AIBU to be furious to have discovered that I'm not even on a therapeutic dose of my AD?(39 Posts)
Have been struggling with depression and extreme anxiety. So have been on Trazadone for the last 6 weeks. Titrated up from 100mg, to 150mg and have been on 200mg for last week. Have also been on Quetiapine for last 2 weeks, titrated up from 50mg, to now on 75mg at bedtime and 25mg on waking.
These last few weeks have been Hell. Anxiety on waking just as severe, feeling so low and depressed with suicidal ideation constantly running in the background. Have only had a tiny handful of good days.
When I started Quetiapine, my CPN gave me an official info leaflet about it with a link to the official NHS healthcare website for my local area.
I clinked on the link today, to read that I'm f*cking not even on the officially listed therapeutic dose for Quetiapine!
It states that when being used as an adjunct for an AD the dose should be 150-300mg and should be titrated up to 150mg by Day Four (and then increased according to patient need).
It also states that when being used to treat anxiety (which I also have, quite severely) the recommended therapeutic dose should be 150mg FFS!
So, WTAF have I been suffering like the damned these last few weeks on doses which aren't even considered therapeutic??? I have looked longingly at buses and half hoped they'd run me over. I have driven past trees and wondered if I'm going fast enough to enable a fatal crash if I drive into them. There are just no words to fully describe how low I have felt.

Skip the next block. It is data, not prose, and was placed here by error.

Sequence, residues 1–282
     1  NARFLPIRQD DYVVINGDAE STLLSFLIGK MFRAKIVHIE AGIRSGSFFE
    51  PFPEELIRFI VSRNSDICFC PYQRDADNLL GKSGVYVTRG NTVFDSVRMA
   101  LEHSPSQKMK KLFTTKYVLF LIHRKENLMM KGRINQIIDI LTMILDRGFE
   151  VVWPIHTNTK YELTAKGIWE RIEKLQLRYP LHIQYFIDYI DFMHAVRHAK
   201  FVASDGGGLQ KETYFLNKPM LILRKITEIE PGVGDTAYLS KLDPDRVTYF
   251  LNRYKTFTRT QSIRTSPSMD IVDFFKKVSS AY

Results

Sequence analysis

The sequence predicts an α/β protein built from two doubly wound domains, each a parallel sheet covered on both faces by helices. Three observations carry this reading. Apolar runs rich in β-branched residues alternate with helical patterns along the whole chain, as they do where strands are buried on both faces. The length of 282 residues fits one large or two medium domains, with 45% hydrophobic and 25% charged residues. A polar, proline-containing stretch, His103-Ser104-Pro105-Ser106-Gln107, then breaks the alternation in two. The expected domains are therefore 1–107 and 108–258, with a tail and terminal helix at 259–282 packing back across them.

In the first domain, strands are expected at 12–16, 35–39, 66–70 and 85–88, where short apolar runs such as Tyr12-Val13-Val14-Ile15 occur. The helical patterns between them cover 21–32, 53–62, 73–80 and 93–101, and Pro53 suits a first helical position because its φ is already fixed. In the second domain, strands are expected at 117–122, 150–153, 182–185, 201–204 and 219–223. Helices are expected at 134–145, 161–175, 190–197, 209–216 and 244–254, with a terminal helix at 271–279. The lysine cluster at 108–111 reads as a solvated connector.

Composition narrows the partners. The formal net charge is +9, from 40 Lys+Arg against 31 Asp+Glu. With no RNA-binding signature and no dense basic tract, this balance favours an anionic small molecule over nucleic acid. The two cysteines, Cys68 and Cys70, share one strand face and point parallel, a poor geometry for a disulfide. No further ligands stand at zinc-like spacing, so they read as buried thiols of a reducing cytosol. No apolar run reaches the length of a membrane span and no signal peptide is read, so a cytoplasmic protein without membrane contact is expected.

I spoke to my CPN yesterday, and even he mused that it might well be better to increase my dose quite a bit higher, and to go in quite strong with Quetiapine, for a short time, to blat the symptoms, get some stability and then look to decrease. So, obviously he knows that I probably really should be on a higher dose!
I know they had a meds review today, but they haven't contacted me to discuss changing my dose, so I assume the doctor hasn't okayed it
I am totally confused why I have been under dosed like this. But also beyond furious. I totally get about safe prescribing etc, and can see that this is common sense.But I have told my CPN several times that it doesn't feel like the Quetiapine is even touching the sides. And no wonder, when I'm not even on the official therapeutic dose recommended on their own f*cking official website.
Just had to let rip somewhere
When can you find out what was discussed and decided in the meds review?